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Kimberly-Clark's nonwoven facility in Neenah supplies components for the company's Cold Spring plant in Fox Crossing that makes Depend adult diapers. Both facilities could close under plans by Kimberly-Clark which would eliminate about 600 jobs from the Fox River Valley.

State Senate President Roger Roth said Tuesday he hoped the chamber will reconvene this year to approve state incentives for paper giant Kimberly-Clark, in a bid to save as many as 600 jobs in the Fox Valley.

Kimberly-Clark also signaled a new openness to retaining the jobs if state lawmakers provide the incentives, which are modeled on $3 billion in tax credits given last year to Taiwanese electronics maker Foxconn Technology Group.

In a statement Tuesday, Roth said he will “be working with Majority Leader (Scott) Fitzgerald and members to help get the Senate in a position to come back in and pass this important legislation.”

That raises the prospect of the state Senate reconvening this year. The chamber adjourned this spring, marking what then appeared to be its close of business for 2018.

“From my perspective, we need to come back in as soon as possible,” Roth, R-Appleton, said in an interview. “If we don’t act, jobs will be lost.”

Fitzgerald did not initially commit to reconvening the Senate. In a brief statement, Fitzgerald, R-Juneau, said he plans to meet next week with GOP senators, Minority Leader Jennifer Shilling, D-La Crosse, and Gov. Scott Walker “to determine the most appropriate and realistic path forward for the Senate.”

In January, Kimberly-Clark appeared set, as part of a global restructuring, to close factories in Neenah and Fox Crossing, causing the loss of about 600 jobs. Both locations are within Roth’s 19th district.

But a potential breakthrough emerged this week: a new agreement ratified by Kimberly-Clark union workers Monday night could lead to saving jobs at the facility, if paired with state tax incentives.

Roth said the new agreement, which reportedly includes worker concessions, “changes the dynamics” around keeping the plants open.

Kimberly-Clark issued a statement saying with the new agreement, it “will advise the State of Wisconsin that it is now in a position to commit to using the incentives if the proposed legislation is passed and an agreement” is reached with the state’s economic-development agency, the Wisconsin Economic Development Corp.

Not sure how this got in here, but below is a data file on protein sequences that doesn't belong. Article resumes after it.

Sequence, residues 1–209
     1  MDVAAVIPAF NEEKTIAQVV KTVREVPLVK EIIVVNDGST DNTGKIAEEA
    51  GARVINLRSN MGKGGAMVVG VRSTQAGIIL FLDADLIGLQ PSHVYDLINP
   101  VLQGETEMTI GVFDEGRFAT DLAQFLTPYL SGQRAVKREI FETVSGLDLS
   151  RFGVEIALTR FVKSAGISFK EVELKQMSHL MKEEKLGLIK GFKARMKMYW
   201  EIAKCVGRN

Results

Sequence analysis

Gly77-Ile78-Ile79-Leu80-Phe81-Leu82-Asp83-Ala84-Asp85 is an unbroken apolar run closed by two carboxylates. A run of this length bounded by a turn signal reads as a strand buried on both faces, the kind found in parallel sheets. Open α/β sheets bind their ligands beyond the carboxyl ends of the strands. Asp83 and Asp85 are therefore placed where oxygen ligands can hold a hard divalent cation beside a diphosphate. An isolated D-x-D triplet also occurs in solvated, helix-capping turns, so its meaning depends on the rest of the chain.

The state Assembly in February passed a lucrative tax-incentive deal modeled on one given Foxconn to locate near Racine. It would allow Kimberly-Clark to claim tax credits for eligible payroll costs in exchange for retaining jobs in the state.

The state Senate never enacted the measure, though Fitzgerald said in March the only reason he would call the Senate back into session before the November elections would be to take up an incentive package for Kimberly-Clark.

Roth said Tuesday that passing it through the Senate won’t be easy — adding that it may not be able to pass with support from GOP senators only.

“We’ll need some Democrats to come to the table,” Roth said.

Shilling, in a statement, said Roth and Fitzgerald “already killed this bill once and it doesn’t look like their Republican majority is any closer to getting a deal done this time around.”

Shilling added that “rather than giving tax breaks to corporations that outsource jobs and shut down factories,” state lawmakers should pass a Democratic bill that would create revolving loan funds to aid paper mills in making energy-efficiency upgrades and transitioning to brown paper products.

WEDC Secretary Mark Hogan said in a statement Tuesday that the agreement between Kimberly-Clark and the union for workers at the Wisconsin facilities, United Steelworkers, “would ensure the company’s Cold Spring facility remains in operation.”

“We look forward to working with the company, Gov. Walker and state legislators to find a path forward to secure Kimberly-Clark’s presence in Wisconsin for decades to come,” Hogan said.

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